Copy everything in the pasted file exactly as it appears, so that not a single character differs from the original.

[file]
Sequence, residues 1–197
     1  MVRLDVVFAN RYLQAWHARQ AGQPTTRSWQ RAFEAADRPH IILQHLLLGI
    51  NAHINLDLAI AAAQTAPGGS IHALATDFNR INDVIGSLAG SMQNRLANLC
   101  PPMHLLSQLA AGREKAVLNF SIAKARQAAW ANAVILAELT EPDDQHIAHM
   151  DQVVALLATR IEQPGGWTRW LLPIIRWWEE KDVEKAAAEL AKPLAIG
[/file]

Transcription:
Sequence, residues 1–197
     1  MVRLDVVFAN RYLQAWHARQ AGQPTTRSWQ RAFEAADRPH IILQHLLLGI
    51  NAHINLDLAI AAAQTAPGGS IHALATDFNR INDVIGSLAG SMQNRLANLC
   101  PPMHLLSQLA AGREKAVLNF SIAKARQAAW ANAVILAELT EPDDQHIAHM
   151  DQVVALLATR IEQPGGWTRW LLPIIRWWEE KDVEKAAAEL AKPLAIG